A magical adventure for kids and adults.
As a Harry Potter fan, I have had quite a few parents ask me whether or not their kids are old enough to watch the movies. It's not an easy question to answer because every kid is different, and so is every Harry Potter movie. Harry Potter and the Sorcerer's Stone is the first movie in the series, and it was definitely made with kids in mind. Not all of the movies are as light-hearted and tame as this one. There is still some PG-level violence and a few frightening images that might scare really young children, but I'd say that once your kids are between the ages of six and eight, depending on the kid, you have nothing to worry about as a parent. There are only a couple of intense scenes, none of which are very graphic. Most of this movie is filled with fun, friendship, and magic. Really young kids probably would not follow along with the plot anyway. There is no sex or nudity in this film, not even a kiss. A married couple is shown sleeping in bed together once, and that's as romantic as this Harry Potter movie gets. There is some violence towards the end, but like I said, nothing very graphic. Harry, Ron, and Hermione go through a series of obstacles that might be a bit intense and suspenseful, but they are pretty tame up until the last obstacle. During the last obstacle, the three friends play a game of chess with life-size pieces. They pieces smash each other, and the kids receive some scrapes and cuts, but there is minimal blood shown. Ron falls from one of the chess pieces and passes out but he doesn't look hurt. Towards the end of the film, Harry confronts the villain. This is probably the scariest part of the movie because the villain removes his turban and reveals a second face in the back of his head, but because this movie was made in the early 2000's, the special effects are not all that frightening. Some kids might even find this a bit comedic. Harry displays bravery throughout the scene. Their encounter lasts for about five minutes, and I would say that it doesn't get violent until the last minute. The villain tries to choke Harry for a brief moment (barely shown on camera), but Harry quickly fights back and is able to turn the villain to ash, which again, doesn't look all that graphic considering the older special effects. Harry faints when a ghostly figure flies through him at the end of the scene, but then he is shown safe and awake moments later in the hospital wing. Leading up to the ending, there are a few other scenes that some might call intense, but none of them are necessarily violent or frightening. There is a scene in a dark forest that is a bit eerie when a cloaked figure walks towards Harry after bending over a dead animal (not seen on camera) but he is scared off quickly. This scene is short. The kids also play a sports game on broomsticks called Quidditch. They have a few near misses and spills, but kids will mostly find this exciting. Harry, Ron, and Hermione encounter a troll, but again, not violent, and meant to be exciting. The troll does not look grotesque, but kind of funny. Some scenes have suspenseful music and darker lighting to create a feeling of "what's going to happen?" such as when Harry sneaks into the library, or when the three friends encounter a giant dog, but usually the music is more eerie than what actually occurs. The director and actors did a wonderful job including all of the intense scenes from the book but taming them down and only showing minimal blood and gore. There is no real profanity here. Kids argue and call each other a few names, but mostly, the friends encourage one another and are good role models. Ron uses the term, "Bloody Hell!" a few times when he is surprised. There is a pub shown in the film with a few adult wizards who responsibly drink. A few of them smoke, but this is so brief that some kids won't even notice. A man mentions going to a pub with some shady characters but does not share details. This will go right over a kid's head. I disagree with Common Sense Media when they say that this movie has no educational value. The messages in this movie as well as the other Harry Potter movies are relevant and inspirational. In The Sorcerer's Stone, kids can learn the value of teamwork and friendship. It also teaches kids to stand up for what is right, not only against bullies, but against friends as well. There are many good role models, children and adults, most of whom use good judgement and intuition to overcome obstacles, even if it means breaking a rule or two. The kids in this movie are excellent main characters, because all of them are under-dogs. None of them start off brave, but grow stronger over time. I would highly recommend the entire Harry Potter series to families because the movies (and books!) can be enjoyed by kids and adults. Both will appreciate the series in a different way. The Harry Potter movies so get darker and more violent as they progress, but the first few, especially Sorcerer's Stone, are good to start with!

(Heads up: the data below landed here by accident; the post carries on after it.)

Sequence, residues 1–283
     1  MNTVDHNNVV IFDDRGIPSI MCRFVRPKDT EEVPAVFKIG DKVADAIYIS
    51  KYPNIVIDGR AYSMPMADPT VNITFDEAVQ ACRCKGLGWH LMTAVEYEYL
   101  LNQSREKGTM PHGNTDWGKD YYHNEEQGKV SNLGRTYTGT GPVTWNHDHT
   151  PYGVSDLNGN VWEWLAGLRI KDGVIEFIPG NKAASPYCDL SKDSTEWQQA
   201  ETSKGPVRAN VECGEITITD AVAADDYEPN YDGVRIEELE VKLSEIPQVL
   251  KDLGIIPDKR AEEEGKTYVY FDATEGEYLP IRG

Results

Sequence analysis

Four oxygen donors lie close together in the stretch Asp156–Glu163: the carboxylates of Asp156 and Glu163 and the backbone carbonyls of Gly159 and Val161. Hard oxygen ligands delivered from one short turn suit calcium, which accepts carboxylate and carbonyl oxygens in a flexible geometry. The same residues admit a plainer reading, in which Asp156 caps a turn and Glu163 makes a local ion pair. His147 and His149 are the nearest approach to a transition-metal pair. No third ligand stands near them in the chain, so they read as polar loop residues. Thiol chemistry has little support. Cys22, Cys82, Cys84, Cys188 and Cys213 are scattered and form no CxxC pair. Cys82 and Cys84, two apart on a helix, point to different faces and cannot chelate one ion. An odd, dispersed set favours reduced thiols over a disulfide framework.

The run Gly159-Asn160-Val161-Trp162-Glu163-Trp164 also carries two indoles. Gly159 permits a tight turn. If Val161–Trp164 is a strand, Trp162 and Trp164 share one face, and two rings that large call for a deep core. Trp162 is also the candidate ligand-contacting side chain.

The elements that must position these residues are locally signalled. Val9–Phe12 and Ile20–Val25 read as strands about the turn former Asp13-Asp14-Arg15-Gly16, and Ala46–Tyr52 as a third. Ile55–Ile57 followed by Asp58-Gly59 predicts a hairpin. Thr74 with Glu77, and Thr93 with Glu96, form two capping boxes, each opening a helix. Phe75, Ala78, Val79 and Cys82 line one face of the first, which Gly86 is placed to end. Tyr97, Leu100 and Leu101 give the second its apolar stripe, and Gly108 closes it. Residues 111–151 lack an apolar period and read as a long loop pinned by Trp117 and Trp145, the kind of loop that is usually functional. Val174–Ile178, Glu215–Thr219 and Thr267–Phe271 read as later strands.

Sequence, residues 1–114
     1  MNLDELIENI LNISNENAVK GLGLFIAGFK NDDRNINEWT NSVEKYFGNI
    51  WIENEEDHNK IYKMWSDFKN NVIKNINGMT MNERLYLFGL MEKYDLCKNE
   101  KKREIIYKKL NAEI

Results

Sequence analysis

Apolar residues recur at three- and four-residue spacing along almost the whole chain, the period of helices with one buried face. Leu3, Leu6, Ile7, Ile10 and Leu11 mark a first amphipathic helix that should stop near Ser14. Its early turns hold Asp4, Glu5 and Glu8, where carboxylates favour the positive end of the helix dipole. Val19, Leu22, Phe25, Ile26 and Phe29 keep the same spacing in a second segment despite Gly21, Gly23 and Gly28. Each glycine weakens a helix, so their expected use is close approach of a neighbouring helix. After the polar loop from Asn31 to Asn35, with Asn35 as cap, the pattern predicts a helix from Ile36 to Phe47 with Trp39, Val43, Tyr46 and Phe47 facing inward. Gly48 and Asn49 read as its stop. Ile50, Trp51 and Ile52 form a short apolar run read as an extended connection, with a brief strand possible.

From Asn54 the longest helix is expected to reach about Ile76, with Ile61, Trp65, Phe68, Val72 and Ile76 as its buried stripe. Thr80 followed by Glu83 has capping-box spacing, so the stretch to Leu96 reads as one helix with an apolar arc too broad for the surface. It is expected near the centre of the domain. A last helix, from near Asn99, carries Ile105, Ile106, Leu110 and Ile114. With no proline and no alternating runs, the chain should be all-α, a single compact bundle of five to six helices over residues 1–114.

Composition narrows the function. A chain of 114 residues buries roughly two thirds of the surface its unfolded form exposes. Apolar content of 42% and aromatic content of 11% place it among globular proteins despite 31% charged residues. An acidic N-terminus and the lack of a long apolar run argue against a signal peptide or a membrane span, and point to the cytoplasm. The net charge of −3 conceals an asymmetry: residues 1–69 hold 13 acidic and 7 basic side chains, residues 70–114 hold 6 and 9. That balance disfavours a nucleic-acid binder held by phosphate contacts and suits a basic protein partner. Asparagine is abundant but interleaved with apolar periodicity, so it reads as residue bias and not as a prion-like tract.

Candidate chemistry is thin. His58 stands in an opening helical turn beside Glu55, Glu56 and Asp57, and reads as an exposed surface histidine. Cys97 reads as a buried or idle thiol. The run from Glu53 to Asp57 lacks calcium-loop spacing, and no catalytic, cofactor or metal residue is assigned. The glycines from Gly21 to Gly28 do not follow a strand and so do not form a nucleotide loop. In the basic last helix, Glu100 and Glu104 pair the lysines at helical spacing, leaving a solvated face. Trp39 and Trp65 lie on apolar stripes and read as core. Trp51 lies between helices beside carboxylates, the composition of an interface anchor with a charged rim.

This title contains:
Positive role models
Violence & scariness